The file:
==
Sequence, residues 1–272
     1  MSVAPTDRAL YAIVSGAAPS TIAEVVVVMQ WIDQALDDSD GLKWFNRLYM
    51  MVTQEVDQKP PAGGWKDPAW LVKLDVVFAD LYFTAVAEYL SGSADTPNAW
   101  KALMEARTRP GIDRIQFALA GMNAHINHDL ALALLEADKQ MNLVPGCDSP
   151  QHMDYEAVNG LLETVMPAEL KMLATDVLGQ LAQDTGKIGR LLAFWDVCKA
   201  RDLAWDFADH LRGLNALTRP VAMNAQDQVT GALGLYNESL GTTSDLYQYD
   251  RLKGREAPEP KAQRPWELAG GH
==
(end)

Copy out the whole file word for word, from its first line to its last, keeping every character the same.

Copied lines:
Sequence, residues 1–272
     1  MSVAPTDRAL YAIVSGAAPS TIAEVVVVMQ WIDQALDDSD GLKWFNRLYM
    51  MVTQEVDQKP PAGGWKDPAW LVKLDVVFAD LYFTAVAEYL SGSADTPNAW
   101  KALMEARTRP GIDRIQFALA GMNAHINHDL ALALLEADKQ MNLVPGCDSP
   151  QHMDYEAVNG LLETVMPAEL KMLATDVLGQ LAQDTGKIGR LLAFWDVCKA
   201  RDLAWDFADH LRGLNALTRP VAMNAQDQVT GALGLYNESL GTTSDLYQYD
   251  RLKGREAPEP KAQRPWELAG GH